The Collector

The list of reliably good Danish crime novelists--Jussi Adler-Olsen, Katrine Engberg and Peter Høeg among them--just got longer. To that roster should be added Anne Mette Hancock, who follows The Corpse Flower with The Collector, a second steely and rewarding thriller featuring Erik Schäfer, a detective with the Copenhagen police, and investigative journalist Heloise Kaldan. This time they contend with the disappearance of a local child.

As the novel begins, the unmarried Kaldan is at a clinic confirming her unplanned and unwanted pregnancy. She's discussing next steps with her doctor when he receives a phone call: his 10-year-old son, Lukas, hasn't shown up at his after-school destination. The novel's roving perspective swings to Schäfer, who heads to Lukas's school--now a media circus--from which the boy seems to have disappeared. Schäfer is apprehensive when he spots Kaldan: "Could he trust Heloise in a life-or-death situation? Absolutely. When it came to work? That was another matter."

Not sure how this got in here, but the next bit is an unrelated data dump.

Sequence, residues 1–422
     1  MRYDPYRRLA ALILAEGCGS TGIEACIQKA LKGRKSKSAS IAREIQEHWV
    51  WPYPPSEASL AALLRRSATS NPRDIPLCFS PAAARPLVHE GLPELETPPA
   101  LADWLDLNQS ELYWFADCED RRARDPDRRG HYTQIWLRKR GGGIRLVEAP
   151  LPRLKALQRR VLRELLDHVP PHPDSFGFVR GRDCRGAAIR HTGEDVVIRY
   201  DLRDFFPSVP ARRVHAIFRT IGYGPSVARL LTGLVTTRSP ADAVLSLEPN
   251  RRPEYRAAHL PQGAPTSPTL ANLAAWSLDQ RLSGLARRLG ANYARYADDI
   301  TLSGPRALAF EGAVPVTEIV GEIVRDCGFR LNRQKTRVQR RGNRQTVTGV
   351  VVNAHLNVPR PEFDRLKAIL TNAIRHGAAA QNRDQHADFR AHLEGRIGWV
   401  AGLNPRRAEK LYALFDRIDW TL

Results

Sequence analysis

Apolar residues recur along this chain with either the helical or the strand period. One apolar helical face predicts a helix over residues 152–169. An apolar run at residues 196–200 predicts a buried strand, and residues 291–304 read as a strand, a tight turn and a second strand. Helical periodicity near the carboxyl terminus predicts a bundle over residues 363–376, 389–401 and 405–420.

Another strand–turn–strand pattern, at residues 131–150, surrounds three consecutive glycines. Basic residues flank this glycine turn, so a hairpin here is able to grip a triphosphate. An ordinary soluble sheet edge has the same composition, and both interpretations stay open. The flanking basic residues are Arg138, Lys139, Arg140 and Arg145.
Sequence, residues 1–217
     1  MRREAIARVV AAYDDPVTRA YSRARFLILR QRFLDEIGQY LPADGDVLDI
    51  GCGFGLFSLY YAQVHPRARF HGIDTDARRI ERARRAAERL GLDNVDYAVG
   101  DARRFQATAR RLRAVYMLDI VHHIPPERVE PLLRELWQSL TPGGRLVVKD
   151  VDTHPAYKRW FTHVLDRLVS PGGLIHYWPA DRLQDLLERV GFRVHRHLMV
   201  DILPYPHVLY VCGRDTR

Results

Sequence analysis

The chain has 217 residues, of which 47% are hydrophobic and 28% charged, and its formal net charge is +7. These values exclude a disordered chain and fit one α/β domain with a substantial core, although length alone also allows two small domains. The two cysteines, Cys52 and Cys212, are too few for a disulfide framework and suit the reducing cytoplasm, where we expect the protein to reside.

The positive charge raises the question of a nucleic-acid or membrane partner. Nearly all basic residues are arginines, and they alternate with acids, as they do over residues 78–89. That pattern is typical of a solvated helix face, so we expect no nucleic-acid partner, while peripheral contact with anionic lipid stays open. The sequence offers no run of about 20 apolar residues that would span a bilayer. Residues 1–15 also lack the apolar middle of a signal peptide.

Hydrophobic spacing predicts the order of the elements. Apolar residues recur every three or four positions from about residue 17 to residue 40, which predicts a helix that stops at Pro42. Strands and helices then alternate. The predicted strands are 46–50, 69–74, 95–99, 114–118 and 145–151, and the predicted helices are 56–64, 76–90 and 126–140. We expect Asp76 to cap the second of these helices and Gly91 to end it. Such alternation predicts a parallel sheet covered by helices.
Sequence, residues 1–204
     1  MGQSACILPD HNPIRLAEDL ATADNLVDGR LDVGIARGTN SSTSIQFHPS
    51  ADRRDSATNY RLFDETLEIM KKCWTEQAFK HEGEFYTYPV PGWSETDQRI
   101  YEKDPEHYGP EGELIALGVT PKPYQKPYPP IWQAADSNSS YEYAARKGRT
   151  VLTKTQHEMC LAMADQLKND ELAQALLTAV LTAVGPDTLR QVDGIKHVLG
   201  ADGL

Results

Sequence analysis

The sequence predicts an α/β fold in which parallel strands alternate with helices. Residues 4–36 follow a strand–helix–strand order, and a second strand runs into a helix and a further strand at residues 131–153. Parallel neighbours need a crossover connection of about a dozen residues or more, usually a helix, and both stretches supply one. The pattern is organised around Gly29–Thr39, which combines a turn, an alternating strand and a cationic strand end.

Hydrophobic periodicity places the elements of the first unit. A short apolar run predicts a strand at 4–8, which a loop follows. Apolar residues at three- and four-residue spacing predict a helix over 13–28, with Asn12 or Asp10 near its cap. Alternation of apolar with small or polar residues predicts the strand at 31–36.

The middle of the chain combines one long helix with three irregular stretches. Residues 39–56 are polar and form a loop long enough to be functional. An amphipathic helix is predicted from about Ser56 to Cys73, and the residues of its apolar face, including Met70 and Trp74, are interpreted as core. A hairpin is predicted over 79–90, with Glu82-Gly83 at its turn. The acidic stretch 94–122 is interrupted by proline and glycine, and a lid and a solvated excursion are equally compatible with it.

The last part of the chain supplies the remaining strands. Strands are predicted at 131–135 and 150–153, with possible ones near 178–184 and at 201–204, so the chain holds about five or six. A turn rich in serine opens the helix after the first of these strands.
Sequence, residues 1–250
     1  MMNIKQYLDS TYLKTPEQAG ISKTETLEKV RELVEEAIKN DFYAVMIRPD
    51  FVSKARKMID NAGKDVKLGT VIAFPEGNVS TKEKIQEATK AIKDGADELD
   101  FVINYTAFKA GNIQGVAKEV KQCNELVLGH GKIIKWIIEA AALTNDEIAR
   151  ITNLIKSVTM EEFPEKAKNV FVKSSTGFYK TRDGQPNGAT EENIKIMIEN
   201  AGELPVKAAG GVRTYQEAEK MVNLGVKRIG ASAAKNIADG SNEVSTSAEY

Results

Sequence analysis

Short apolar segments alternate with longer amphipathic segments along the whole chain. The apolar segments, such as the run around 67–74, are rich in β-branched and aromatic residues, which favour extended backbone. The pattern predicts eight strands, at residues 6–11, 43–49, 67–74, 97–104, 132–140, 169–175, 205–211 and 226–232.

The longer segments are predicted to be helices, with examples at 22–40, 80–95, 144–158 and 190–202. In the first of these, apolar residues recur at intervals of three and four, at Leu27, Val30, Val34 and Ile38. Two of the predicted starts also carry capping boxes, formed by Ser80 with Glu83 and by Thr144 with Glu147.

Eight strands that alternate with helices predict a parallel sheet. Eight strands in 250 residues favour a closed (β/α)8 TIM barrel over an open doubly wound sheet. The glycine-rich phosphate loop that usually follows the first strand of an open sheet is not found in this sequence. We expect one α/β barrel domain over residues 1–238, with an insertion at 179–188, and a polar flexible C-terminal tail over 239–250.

How Kaldan's personal damage fuels her aversion to parenthood twines with the novel's theme of children's vulnerability. Hancock gives readers even more to consider, including the tension between the police and the press, the PTSD unique to veterans and counterpoints to Denmark's famous liberalism. The Collector's themes are filtered through Kaldan and Schäfer, their relationship symbiotic but refreshingly platonic. As Kaldan, thinking about the older, married Schäfer, admits to herself, she "always felt a bit tipsy in his company, safe and comfortable. You didn't need to be Freud to figure out how things stood." --Nell Beram, author and freelance writer

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